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Handling Hard Conversations with Challenging People
September 14, 2021
I have just three things to teach: simplicity, patience, compassion. These three are your greatest treasures.
-Lao Tzu

"People problems in work settings is the top stressor for most workers," write Luis Hernandez and Connie Jo Smith, in an article that is part of the Exchange Essentials article collection, "Dealing with Difficult People."

"Who are these folks?" they ask? "They are the ones that we can easily recognize because they can bug us individually or can drive the entire team bonkers. They are the ones who:

• are bossy
• act superior
• are loud and aggressive
• are phonies
• try to please too much."

The authors offer a variety of strategies for dealing with these challenging folks.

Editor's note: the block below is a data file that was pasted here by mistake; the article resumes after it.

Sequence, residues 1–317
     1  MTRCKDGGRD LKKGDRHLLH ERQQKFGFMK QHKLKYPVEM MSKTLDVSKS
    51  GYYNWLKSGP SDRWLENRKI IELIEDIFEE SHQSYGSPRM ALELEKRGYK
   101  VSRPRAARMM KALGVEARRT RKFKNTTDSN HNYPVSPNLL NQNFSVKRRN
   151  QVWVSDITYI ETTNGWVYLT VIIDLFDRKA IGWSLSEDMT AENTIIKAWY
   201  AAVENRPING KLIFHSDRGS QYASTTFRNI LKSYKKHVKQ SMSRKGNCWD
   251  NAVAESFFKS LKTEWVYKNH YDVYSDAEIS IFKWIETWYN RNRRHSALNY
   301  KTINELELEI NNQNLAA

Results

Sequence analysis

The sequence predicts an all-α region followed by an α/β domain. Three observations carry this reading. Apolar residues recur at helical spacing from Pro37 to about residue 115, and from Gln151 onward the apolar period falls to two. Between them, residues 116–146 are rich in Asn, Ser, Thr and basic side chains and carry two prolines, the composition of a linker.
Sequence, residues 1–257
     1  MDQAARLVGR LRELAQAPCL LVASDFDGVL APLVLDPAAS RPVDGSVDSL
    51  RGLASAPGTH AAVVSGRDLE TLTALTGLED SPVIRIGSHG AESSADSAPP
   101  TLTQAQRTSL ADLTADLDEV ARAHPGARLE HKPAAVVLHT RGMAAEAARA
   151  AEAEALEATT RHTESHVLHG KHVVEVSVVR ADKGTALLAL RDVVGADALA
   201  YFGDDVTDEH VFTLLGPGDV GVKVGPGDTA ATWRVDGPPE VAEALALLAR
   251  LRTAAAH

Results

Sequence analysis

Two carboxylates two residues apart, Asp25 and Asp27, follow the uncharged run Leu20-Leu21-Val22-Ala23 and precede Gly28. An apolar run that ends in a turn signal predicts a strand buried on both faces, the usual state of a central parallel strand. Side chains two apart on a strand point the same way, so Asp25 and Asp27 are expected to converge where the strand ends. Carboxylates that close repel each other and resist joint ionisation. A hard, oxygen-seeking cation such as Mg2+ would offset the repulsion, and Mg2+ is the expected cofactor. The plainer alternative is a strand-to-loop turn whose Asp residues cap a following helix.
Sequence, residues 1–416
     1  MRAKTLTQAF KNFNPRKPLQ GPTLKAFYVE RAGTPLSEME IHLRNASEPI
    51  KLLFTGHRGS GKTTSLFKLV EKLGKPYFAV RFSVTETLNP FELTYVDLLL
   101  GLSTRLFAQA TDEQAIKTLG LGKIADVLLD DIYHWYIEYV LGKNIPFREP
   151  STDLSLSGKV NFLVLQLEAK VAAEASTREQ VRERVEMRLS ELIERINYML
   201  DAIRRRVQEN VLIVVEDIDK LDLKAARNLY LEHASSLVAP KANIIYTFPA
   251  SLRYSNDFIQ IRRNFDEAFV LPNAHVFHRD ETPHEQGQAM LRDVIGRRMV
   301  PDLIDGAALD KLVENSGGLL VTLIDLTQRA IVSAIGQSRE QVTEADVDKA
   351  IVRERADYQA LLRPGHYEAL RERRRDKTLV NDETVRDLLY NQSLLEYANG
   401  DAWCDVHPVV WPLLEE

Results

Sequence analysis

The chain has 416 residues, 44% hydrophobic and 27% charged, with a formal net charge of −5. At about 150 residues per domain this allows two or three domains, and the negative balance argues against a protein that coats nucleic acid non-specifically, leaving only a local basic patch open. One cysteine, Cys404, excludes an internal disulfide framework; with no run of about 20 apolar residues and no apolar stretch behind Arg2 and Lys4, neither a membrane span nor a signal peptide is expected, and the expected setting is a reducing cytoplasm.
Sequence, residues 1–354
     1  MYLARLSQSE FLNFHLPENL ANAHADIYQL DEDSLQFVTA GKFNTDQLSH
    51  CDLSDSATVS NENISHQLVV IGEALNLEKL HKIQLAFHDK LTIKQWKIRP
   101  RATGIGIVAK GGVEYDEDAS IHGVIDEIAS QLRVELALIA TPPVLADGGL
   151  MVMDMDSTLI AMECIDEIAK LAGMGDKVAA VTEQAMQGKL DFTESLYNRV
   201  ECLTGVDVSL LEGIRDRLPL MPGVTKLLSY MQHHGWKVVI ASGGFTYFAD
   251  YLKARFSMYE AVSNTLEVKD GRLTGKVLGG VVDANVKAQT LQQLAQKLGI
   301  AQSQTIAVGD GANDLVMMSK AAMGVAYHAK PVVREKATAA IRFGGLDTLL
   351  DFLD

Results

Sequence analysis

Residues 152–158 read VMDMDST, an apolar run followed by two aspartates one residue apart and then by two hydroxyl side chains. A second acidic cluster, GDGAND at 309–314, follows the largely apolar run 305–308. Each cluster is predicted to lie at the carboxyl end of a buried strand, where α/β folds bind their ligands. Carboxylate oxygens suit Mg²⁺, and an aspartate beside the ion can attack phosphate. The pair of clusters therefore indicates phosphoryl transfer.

Ron Friedman, writing in the November 2016 edition of Harvard Business Review, gives some pointers on how to negotiate an emotionally charged conversation with someone you find difficult.

Friedman recommends using a technique represented by the acronym PEARLS:

  • Partnership ('I bet we can figure this out together.')
  • Empathy ('I can hear your concern.')
  • Acknowledgment ('You clearly put a lot of work into this.')
  • Respect ('I've always appreciated your creativity.')
  • Legitimation ('This would be hard for anyone.')
  • Support ('I'd like to help you with this.')

"The key," Friedman notes, "is to employ them sparingly at first and to say only the ones that genuinely reflect how you feel."

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Comments (2)

Displaying All 2 Comments
Tiffany Peckham · September 17, 2021
Lincoln, NE, United States

Sarah, thank you for your comment and sharing the article.

-Tiffany at Exchange

Sarah Becker · September 15, 2021
Cambridge, NY, United States

The study on the 30 million word deficit is now called into question because of the very limited number of children and families in the study as well as questions of bias that may have influenced assumptions. It’s time to stop referring to this study while still deeply valuing the place of early conversation and language in children’s reading and writing development.

Please refer to this article from NPR:


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